The Best Protein to Reduce Inflammation

Let’s go over what are the best protein options for you to help reduce inflammation. If you’ve ever been to the health foods store and you’re going down the aisle, you obviously see that there are a lot of different protein options. You kind of leave there scratching your head on which is the best protein option, especially if you’re trying to figure out what the best protein option is to reduce inflammation. What I want to do is talk about some of the different proteins out there and talk about how they might be of benefit when it comes to reducing inflammation.

The Best Protein to Reduce Inflammation and Cause it

The first one that we’re going to start off with is going to be whey protein. Whey protein is a dairy-based protein. It’s one of the two proteins that you find in dairy. Interestingly enough, the whey protein concentrates are beneficial in terms of helping produce glutathione, which is a big antioxidant and anti-inflammatory in the body. Glutathione keeps inflammation under control. The higher the antioxidant status, the lower the inflammation is going to be. So whey protein is a good option. However, it’s not such a great option if you’re an individual who has concerns about dairy allergies or you have some type of dairy sensitivity.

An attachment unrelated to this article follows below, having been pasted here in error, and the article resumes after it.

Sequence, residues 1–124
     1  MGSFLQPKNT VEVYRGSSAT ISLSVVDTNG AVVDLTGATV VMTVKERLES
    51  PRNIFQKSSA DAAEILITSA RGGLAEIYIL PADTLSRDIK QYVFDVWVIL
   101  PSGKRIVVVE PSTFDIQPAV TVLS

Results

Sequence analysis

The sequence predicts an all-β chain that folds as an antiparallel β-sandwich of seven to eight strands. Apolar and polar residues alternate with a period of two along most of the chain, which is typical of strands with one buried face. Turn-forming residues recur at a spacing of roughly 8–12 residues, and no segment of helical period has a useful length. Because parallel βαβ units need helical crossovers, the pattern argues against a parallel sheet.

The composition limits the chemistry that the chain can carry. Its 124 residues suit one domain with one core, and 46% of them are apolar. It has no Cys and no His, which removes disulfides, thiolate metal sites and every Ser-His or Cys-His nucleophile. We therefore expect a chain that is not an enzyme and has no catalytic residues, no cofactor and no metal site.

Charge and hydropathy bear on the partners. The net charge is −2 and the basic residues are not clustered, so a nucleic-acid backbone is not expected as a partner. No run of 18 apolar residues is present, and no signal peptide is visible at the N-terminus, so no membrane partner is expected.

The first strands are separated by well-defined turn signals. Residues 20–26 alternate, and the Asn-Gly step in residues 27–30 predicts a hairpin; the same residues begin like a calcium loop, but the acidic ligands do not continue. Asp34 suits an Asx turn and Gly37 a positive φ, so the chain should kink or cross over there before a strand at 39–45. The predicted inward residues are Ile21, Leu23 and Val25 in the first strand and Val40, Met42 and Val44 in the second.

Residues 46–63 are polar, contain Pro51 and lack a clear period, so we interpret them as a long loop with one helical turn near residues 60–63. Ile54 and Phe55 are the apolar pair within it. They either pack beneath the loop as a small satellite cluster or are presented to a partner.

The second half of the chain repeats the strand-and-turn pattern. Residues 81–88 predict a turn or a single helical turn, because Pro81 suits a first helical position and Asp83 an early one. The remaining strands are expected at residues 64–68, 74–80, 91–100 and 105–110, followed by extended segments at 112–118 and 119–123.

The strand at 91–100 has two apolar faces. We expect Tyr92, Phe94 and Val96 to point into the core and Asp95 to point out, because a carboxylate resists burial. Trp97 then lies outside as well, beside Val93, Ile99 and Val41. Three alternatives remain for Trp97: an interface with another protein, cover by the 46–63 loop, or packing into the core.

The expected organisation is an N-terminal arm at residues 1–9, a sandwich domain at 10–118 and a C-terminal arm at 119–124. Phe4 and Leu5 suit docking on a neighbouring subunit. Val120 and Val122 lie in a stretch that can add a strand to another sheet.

The Second Best Protein Option to Reduce Inflammation

Another option that’s out in the marketplace that’s really good, and has some of the similar benefits of whey protein such as high branched-chain amino acid content to promote good muscle tissue development is beef protein. Most people, when they think about beef protein, scoff. “Oh my goodness, does that taste like a steak or a hamburger?” In short, the answer to that is no. It’s simply just going to have, for example, a chocolate or vanilla flavor. What is great about beef protein is that it’s going to have not just a high amount of branched-chain amino acids, it’s going to have higher nitrogen content. The higher nitrogen you have, the higher protein development, the higher muscle tissue development capacity you have and the regeneration capacity you have. Also, because most of these beef proteins don’t simply come from just the meat portion of beef, but also from the bone and cartilage, you’re also going to get the benefit in helping to regenerate some of the cartilaginous tissue in our body. That’s a great option as well and makes beef protein the second best option to reduce inflammation, and maybe number one if you are an athlete.